RSV, Flu Restrictions in Effect December 5th at Sierra View

Sierra View Medical Center (SVMC) will begin implementing Respiratory Syncytial Virus (RSV) and Influenza (Flu) restrictions on Wednesday, Dec. 5, to prevent the spread of these viruses to those who are more susceptible.

Visitors under the age of 13 will be restricted from any of SVMC’s acute care units, as well as from the Distinct Part/Skilled Nursing Facility (DP/SNF), for their own protection as well as others. This restriction will be in effect until the RSV/Influenza season’s conclusion, which is dependent on the number of cases seen in the area.

“We are really starting to see more and more cases lately,” said Lisa S. Noel, RN-C, MSN, CIC who is the SVMC Infection Prevention Manager. “Flu season really started here at the beginning of November. The majority of our positive Influenza cases — approximately 75 percent — have been children. This is one of the main reasons we are starting our visitation restrictions due to such large a number of children with the flu and those with RSV. This will help protect both our patients and community.”

RSV is a common virus that causes cold symptoms in adults and children. Though most healthy adults and children will experience nothing more than an infection resembling a common cold, infants and children with pre-existing medical conditions can experience severe and potentially life-threatening complications from RSV.

“So far, SVMC has seen approximately 60 cases of Influenza,” added Noel. “All have been positive for Influenza A, except for one case of Influenza B. This is showing a different trend from last year, where we saw about 57 percent of Influenza A and about 43 percent of Influenza B. We are also now just starting to see RSV in children, but our season is not over yet. Overall, we are seeing a lot of respiratory-related illnesses, both children and adults.”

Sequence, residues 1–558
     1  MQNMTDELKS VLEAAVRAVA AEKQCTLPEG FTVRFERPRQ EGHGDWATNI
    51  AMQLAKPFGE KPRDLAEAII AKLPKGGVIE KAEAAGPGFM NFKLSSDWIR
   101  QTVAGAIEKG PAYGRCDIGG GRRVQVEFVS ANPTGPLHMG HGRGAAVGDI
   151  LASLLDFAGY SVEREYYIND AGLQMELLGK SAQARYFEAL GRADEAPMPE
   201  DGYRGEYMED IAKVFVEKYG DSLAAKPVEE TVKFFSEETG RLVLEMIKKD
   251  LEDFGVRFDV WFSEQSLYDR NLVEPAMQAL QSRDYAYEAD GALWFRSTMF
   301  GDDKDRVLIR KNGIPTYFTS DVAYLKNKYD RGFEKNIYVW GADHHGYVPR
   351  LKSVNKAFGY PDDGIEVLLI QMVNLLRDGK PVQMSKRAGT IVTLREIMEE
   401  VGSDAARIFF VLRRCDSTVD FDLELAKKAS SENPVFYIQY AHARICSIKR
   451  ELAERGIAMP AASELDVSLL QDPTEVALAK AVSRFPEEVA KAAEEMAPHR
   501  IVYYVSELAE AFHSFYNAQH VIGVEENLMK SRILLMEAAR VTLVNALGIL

SVMC urges visitors to comply with this restriction until further notice for the safety of visiting children and the well-being of patients, other visitors and community members alike. Children who require hospitalization will receive normal care.

Some of the recommendations to prevent transmission of microorganisms is through continual and thorough hand washing. Always wash with soap and water or disinfect with an alcohol-based hand sanitizer before coming into contact with others. Remember to routinely clean household surfaces to keep them as germ-free as possible. If possible, try to avoid crowded places like malls and movie theaters, where viruses can quickly spread from person to person.

RSV and Influenza are spread through contact and droplets, much like the common cold, so keeping children away from contaminated areas is crucial.

Any adults who feel ill (cold and flu- like symptoms) should also restrict their visits to protect SVMC patients. An infected person sneezing or coughing can spread virus through the air, and some viruses can also survive for several hours on surfaces.

“Remember, that ‘antibiotics’ are not always the answer,” said Noel. “They will not work if you have a virus. Just remember to eat healthy, drink lots of water, and get plenty of rest to keep your immune system strong.”

For those who are experiencing cold-like symptoms, always use a tissue when coughing or sneezing, immediately dispose of it properly, then wash your hands thoroughly to prevent spreading the virus.